NYAPRS Note: Yesterday, Senate Democrats took the floor to call on Senate Republicans and the Trump Administration to approve gun background checks and to decry deflection from this measure by blaming gun violence on Americans with mental health conditions.
In particular, Senator Brian Schatz of Hawaii gave the following remarks from the Senate floor:
…To make it worse in the week since the attacks in Ohio and Texas, we keep hearing from Republicans that gun violence is not caused by guns.
To quote the President directly, mental illness and hatred pulls the trigger. Not the gun. Mental illness and hatred pulls the trigger. Not the gun.
I want to spend a little time on this one because this one is really offensive and really deeply hurtful.
Setting aside the lack of progress on guns, we're also losing 10, 20, 30 years of progress that we made in destigmatizing mental health services. Now mass shooters and regular experience mental illness of the same rate.
There is no indication that mass shooters or individual people who are homicidal experience mental illness than any other part of the population. It's more insidious than that.
About 20% of all Americans at some point need mental health services and the great difficulty in terms of of getting mental health services is not just availability of care, it's that people still feel embarrassed to say I need some help.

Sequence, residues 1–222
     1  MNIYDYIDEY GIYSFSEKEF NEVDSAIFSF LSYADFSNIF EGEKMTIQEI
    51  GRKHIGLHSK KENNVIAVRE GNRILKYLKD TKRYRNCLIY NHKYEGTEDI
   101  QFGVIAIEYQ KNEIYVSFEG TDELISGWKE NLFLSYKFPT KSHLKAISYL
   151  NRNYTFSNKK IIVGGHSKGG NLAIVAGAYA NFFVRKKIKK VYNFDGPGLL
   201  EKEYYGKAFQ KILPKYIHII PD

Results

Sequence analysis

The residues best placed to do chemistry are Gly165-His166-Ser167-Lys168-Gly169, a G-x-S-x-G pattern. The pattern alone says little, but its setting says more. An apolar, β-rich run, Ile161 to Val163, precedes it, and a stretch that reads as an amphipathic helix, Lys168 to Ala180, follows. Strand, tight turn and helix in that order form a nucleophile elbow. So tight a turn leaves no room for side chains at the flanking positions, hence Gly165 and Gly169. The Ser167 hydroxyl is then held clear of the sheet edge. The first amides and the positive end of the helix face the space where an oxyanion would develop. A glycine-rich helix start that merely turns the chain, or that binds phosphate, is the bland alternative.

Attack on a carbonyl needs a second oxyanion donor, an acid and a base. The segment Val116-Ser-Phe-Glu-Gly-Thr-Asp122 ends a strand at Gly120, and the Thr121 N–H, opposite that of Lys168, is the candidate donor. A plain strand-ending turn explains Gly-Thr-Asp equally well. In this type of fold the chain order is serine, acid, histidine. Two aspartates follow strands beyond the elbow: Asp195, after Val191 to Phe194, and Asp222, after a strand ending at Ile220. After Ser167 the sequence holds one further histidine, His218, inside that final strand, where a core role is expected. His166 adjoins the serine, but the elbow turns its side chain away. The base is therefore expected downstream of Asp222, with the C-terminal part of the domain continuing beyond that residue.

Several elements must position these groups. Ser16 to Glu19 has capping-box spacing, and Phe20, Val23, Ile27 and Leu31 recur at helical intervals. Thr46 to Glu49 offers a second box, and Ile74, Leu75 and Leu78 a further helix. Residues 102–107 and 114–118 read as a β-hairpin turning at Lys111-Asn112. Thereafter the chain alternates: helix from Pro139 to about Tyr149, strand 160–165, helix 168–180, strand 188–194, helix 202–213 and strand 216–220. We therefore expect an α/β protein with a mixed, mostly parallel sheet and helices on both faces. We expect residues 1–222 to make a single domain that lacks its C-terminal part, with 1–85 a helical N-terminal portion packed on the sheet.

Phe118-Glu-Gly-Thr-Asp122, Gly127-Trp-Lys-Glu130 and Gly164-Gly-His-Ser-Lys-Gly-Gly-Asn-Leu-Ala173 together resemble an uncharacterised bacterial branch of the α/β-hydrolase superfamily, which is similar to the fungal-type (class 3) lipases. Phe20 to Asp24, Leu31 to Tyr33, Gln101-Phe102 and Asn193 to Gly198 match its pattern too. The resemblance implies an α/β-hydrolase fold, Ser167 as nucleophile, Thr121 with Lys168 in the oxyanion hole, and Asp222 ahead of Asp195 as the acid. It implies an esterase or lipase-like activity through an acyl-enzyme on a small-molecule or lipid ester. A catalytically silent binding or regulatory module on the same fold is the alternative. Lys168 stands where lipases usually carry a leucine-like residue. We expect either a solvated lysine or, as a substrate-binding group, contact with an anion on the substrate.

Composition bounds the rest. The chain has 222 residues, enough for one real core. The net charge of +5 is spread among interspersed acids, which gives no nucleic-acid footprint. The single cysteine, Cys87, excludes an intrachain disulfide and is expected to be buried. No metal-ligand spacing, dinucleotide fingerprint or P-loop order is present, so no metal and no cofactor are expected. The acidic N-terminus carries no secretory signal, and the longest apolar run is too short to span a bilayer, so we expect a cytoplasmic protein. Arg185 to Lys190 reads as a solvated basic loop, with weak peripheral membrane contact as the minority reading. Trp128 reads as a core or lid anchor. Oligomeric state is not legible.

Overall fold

And shame on the President of the United States to equate someone who may need care for postpartum depression or post traumatic stress coming back from Iraq or Afghanistan or may experience a bipolar disorder or whatever it may be, a kid with autism, shame on the President of the United States to imply that people who need mental health services are somehow dangerous and they are the ones that should be cracked down on.
That is a deeply, deeply dangerous thing to say about 20% of all Americans who simply need to get better and who simply need to not be characterized as crazy or dangerous or that they should be ashamed of what they are experiencing.
Shame on the President of the United States for equating mental illness with being dangerous to society. Consider for a minute the progress that we made as a society to destigmatize mental health. We've reduced the shame around living with the challenges and more people are willing to prioritize their mental well-being.
People should not be embarrassed or scared to seek the help they need and shouldn't be blamed for the gun violence epidemic in our country...